Both the 800D and the E-330 have been discontinued, but can regularly be found used on eBay. The 800D was replaced by the Canon 850D, while the E-330 does not have a direct successor. Further information on the two cameras (e.g. user guides, manuals), as well as related accessories, can be found on the official Canon and Olympus websites.
So what conclusions can be drawn? Is the Canon 800D better than the Olympus E-330 or vice versa? The listing below highlights the relative strengths of the two models.
Advantages of the Canon EOS 800D:
- More detail: Offers more megapixels (24 vs 7.4MP) with a 84% higher linear resolution.
- Better image quality: Features a larger and more technologically advanced imaging sensor.
- Richer colors: The sensor size advantage translates into images with better, more accurate colors.
- More dynamic range: Larger sensor captures a wider spectrum of light and dark details.
- Better low-light sensitivity: Larger sensor produces good images even in poorly lit environments.
- Broader imaging potential: Can record not only still images but also 1080/60p movies.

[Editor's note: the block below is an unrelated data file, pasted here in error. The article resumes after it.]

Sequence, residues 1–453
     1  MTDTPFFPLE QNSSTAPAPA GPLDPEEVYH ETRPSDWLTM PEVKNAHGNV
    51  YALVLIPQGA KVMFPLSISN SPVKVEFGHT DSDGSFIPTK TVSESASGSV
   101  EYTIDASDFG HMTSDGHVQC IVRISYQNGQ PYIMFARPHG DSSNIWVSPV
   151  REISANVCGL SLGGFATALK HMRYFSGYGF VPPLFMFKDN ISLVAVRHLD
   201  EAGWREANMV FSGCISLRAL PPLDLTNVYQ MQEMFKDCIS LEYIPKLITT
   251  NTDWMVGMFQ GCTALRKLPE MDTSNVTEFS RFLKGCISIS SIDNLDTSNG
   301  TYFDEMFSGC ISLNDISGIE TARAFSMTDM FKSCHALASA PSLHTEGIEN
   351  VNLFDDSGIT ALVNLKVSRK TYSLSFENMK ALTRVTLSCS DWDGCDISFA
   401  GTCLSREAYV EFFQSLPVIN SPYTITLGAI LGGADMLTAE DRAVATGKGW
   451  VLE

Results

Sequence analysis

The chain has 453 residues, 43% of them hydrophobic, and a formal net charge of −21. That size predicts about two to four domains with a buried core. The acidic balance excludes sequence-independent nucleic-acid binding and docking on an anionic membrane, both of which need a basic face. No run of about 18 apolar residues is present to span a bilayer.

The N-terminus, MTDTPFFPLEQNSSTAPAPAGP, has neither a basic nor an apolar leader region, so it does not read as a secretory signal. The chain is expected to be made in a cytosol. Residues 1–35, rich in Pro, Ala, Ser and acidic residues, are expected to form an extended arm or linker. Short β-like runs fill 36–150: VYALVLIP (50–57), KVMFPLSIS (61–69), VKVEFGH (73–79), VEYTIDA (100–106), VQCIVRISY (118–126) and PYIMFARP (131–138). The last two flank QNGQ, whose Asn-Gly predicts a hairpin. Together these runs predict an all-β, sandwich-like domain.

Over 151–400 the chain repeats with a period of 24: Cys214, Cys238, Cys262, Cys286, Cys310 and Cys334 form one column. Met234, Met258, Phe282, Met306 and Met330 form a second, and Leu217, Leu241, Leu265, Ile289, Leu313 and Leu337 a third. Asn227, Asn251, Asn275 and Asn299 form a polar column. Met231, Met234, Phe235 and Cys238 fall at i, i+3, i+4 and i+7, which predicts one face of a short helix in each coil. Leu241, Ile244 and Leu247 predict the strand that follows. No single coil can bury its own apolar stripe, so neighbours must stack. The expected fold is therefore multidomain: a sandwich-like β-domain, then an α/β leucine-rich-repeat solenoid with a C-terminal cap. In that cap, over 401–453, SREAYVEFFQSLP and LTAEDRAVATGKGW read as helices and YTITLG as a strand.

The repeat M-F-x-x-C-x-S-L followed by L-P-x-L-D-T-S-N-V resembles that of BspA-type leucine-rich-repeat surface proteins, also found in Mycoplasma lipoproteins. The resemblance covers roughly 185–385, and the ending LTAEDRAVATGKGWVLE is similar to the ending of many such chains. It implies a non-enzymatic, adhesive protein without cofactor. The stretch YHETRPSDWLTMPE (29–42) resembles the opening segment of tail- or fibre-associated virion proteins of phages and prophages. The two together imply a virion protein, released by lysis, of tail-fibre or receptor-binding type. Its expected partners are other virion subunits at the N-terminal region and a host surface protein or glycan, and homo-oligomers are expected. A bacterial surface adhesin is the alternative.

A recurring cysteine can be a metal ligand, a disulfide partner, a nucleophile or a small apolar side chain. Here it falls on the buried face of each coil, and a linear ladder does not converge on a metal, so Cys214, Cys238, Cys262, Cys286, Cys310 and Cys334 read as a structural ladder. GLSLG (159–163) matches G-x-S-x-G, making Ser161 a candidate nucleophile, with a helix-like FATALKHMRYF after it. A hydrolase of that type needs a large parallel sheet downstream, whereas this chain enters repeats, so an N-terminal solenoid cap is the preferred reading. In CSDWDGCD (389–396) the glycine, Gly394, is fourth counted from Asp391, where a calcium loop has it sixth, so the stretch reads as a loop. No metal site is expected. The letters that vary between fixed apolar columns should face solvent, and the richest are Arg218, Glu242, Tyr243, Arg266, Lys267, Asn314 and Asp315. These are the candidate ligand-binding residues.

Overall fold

- Better live-view autofocus: Features on-sensor phase-detection for more confident autofocus.
- Larger viewfinder image: Features a viewfinder with a higher magnification (0.51x vs 0.465x).
- Larger screen: Has a bigger rear LCD (3.0" vs 2.5") for image review and settings control.
- More detailed LCD: Has a higher resolution rear screen (1040k vs 215k dots).
- More flexible LCD: Has a swivel screen for odd-angle shots in portrait or landscape orientation.
- Fewer buttons to press: Is equipped with a touch-sensitive rear screen to facilitate handling.
- More selfie-friendly: Has an articulated screen that can be turned to be front-facing.
- Faster burst: Shoots at higher frequency (6 vs 3 flaps/sec) to capture the decisive moment.
- Less heavy: Is lighter (by 105g or 16 percent) and hence easier to carry around.
- Easier file upload: Has wifi built in for automatic backup or image transfer to the web.
- Easier device pairing: Supports NFC for fast wireless image transfer over short distances.
- Easier wireless transfer: Supports Bluetooth for image sharing without cables.
- More affordable: Was introduced into a lower priced segment (25 percent cheaper at launch).
- More modern: Reflects 11 years of technical progress since the E-330 launch.
Arguments in favor of the Olympus Evolt E-330:
- Longer lasting: Gets more shots (750 versus 600) out of a single battery charge.
- Greater peace of mind: Features a second card slot as a backup in case of memory card failure.
- More heavily discounted: Has been around for much longer (launched in January 2006).